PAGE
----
We are now gearing up for a major new campaign this summer, aimed at building a statewide network, expanding the number of public homeowner campaigns into the hundreds and popularizing the demand for an across-the-board principal reduction for underwater homeowners and a foreclosure moratorium.

The Need for Demands

From the first days of Occupy Wall Street, outspoken opposition to adopting clear demands dominated the movement. Some argued that demands for reform undermined the revolutionary spirit of Occupy. Others worried demands were divisive. And as long as the main practical goal was to simply maintain physical occupations of parks and plazas, the problems with these arguments were less apparent.

Once the movement shifted into a real class struggle with the banks over tangible assets – people’s homes – the whole discussion rapidly changed. Several immediate problems arose from Occupy Homes’ lack of a program to solve the housing crisis.

Far from being more revolutionary, the lack of demands reduced the campaign to essentially fighting house-by-house. One week we’d demand US Bank offer Monique a fair deal; next week we’d demand Bank of America negotiate with Bobby. But how could this work once we brought hundreds of homeowners into the campaign?

The only way to beat the power of the banks is to build a mass movement around clear demands for collective solutions. Demands help popularize clear goals for the movement and provide protection from politicians watering down or diverting our struggles. They allow movements to establish the terms of debate and to expose the wider agendas of those in power.

Through this process, working people begin to feel their collective power, to see the corrupt role of the 1% and their governing institutions, and to recognize the need to challenge capitalism as a whole.

The discussion on a program for Occupy Homes MN is ongoing, but three basic demands on three clear targets were agreed for outreach materials. First, a call on the banks to renegotiate mortgages to levels homeowners can afford. Second, for state authorities to pass an immediate moratorium on foreclosures. Third, for the mayor and sheriff to stop sending police to evict families at the banks’ behest.

Avoiding Co-Optation

Since Occupy Wall Street rose into the national spotlight last fall, attempts to co-opt the movement have been made by various liberal groups aligned with the Democratic Party.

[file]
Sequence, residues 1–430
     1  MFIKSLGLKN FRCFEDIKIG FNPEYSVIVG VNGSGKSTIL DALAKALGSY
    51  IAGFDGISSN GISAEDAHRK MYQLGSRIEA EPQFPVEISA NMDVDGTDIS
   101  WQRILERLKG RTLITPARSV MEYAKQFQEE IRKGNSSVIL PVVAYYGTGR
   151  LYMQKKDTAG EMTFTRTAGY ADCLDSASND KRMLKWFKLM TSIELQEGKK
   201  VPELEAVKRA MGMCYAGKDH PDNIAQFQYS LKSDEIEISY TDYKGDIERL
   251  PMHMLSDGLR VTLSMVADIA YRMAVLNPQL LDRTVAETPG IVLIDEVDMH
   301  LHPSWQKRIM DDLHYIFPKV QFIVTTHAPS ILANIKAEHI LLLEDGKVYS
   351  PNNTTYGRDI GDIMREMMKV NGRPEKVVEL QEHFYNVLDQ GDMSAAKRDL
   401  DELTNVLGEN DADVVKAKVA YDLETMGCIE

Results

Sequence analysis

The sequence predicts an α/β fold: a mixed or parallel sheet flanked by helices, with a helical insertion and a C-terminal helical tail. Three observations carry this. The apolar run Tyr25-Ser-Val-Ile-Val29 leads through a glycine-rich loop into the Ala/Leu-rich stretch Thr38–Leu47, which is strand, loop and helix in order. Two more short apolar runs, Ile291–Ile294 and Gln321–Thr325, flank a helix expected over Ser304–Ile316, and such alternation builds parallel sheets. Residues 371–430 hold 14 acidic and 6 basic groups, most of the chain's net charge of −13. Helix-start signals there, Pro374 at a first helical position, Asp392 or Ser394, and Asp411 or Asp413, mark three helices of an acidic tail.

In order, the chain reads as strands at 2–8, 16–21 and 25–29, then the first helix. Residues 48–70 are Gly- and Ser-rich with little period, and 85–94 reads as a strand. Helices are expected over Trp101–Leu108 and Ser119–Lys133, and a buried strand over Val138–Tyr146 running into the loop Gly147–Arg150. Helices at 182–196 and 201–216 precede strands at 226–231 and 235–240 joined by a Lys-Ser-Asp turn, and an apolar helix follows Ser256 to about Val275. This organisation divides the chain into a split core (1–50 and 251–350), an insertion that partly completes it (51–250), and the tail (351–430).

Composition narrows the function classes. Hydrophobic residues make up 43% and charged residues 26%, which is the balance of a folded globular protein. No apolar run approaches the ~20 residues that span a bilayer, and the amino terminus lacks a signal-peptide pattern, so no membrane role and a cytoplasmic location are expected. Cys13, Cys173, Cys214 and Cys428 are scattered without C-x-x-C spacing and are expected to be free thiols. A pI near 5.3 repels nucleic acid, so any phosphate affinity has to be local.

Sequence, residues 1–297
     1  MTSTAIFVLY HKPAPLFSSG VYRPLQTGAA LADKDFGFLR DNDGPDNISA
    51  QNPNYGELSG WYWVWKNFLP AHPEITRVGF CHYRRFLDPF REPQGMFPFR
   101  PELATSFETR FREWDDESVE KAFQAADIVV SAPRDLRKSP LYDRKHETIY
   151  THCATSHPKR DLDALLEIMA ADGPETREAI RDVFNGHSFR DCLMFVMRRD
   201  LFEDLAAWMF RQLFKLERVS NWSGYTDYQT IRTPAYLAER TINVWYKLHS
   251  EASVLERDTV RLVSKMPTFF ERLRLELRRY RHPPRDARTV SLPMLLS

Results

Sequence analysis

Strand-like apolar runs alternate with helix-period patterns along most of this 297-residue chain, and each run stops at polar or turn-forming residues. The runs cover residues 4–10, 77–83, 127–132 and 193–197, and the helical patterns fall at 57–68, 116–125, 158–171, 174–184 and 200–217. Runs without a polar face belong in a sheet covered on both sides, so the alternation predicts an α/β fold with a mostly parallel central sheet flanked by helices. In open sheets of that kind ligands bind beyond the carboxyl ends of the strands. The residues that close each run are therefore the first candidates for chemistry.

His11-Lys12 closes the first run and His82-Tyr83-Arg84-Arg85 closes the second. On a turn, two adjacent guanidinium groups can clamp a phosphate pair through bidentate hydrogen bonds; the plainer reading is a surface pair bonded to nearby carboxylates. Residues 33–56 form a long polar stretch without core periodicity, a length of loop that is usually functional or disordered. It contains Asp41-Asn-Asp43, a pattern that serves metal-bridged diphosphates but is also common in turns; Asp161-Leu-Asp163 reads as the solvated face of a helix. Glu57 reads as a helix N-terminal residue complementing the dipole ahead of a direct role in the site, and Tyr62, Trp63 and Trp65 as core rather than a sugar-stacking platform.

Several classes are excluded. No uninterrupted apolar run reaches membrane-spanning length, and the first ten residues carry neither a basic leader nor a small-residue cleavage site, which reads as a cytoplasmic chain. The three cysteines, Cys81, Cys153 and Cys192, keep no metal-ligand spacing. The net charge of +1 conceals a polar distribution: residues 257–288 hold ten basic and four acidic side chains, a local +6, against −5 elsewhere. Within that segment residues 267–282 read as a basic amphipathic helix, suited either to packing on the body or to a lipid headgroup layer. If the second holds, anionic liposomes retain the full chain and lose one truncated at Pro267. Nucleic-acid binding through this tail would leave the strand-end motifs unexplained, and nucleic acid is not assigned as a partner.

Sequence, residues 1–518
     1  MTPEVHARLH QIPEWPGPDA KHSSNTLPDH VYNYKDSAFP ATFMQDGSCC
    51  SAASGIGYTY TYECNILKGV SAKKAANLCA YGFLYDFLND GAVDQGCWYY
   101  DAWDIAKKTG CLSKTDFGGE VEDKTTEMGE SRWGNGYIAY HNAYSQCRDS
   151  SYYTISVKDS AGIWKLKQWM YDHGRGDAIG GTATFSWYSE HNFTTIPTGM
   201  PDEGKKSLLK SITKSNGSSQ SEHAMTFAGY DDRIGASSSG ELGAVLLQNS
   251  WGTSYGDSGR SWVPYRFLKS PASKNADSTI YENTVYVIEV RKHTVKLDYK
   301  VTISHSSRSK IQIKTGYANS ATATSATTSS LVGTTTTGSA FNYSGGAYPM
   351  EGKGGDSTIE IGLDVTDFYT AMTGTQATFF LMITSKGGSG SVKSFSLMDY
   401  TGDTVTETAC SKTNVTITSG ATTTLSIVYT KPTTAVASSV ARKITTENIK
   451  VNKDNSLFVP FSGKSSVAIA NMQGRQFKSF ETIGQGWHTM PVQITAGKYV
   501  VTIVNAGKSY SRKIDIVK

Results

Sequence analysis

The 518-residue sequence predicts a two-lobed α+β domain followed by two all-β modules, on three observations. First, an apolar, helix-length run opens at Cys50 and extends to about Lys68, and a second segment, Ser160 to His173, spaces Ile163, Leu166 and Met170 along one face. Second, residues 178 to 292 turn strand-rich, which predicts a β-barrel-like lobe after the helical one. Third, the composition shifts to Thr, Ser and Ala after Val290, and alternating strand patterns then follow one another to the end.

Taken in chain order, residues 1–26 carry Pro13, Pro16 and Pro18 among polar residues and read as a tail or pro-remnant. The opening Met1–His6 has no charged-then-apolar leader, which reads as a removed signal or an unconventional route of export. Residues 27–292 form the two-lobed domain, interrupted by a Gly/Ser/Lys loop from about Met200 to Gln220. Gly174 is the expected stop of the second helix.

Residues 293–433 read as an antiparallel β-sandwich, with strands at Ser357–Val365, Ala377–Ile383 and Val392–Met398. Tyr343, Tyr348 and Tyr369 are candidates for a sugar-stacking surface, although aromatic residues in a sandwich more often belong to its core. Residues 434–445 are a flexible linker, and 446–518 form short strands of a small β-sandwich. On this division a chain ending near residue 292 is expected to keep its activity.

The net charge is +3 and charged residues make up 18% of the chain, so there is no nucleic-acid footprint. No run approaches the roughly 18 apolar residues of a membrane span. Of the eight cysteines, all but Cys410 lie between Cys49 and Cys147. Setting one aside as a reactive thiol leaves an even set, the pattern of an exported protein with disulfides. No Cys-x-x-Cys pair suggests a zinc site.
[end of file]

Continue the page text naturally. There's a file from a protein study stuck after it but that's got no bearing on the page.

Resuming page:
The biggest OWS national day of action was called for November 17 last year and was effectively organized in coalition with SEIU (Service Employees’ International Union). But when SEIU’s President Mary Kay Henry used the occasion to publicly endorse Obama’s re-election campaign and his anemic jobs bill, many occupiers were justifiably enraged. More recently, spearheaded the impressive “99% Spring” initiative, drawing thousands into “direct action trainings” which, in reality, were part of their 2012 campaign to elect Democrats.

The mistake made by many in Occupy, however, is to simply avoid working with unions or liberal groups. Occupy Homes took the approach of active coalition with more established community groups, while maintaining political independence and a mass movement strategy.

An important test came when Occupy Homes organized a confrontation with Minneapolis Democratic Mayor R.T. Rybak, urging him not to send police to evict Monique White. We initially got seven of nine city councilors to sign a petition with the same demand. Following the action, leaders in SEIU who had donated money and significant human resources to Occupy Homes put pressure on activists to stop publicly calling out the mayor. Their ties to the mayor and wider Democratic Party, they argued, could be used for behind-the-scenes negotiations instead.

This failed strategy of refusing to put public demands on the mayor has been tested. SEIU and others have campaigned against foreclosures for over a year already, but the mayor and his police were completely left off the hook for their complicity in the housing crisis and have continued evictions with political impunity. In reality, elected officials are far more vulnerable to public pressure than the monolithic banks. Collective solutions to the foreclosure crisis will require policy changes by local, state, and federal governments. And since both parties are funded and controlled by the big banks, achieving political change means placing demands on both parties.

Occupy Homes, while maintaining a working relationship with SEIU leaders, rejected their approach and has continued to protest the mayor’s use of police resources for the bankers’ profit-driven agenda.

Socialist Alternative has been involved from the early days of the campaign, with members involved in both strategic planning and day-to-day work. It has been an inspiring and educational experience for us, and all involved. Moving forward, we must closely study similar campaigns across the country and internationally, including the mass household tax boycott led by our Irish affiliate organization. The goal must be to build an ever-growing, constantly learning movement that can win tangible victories for working people and, even more importantly, train a new generation of community fighters to carry the struggle against capitalism forward.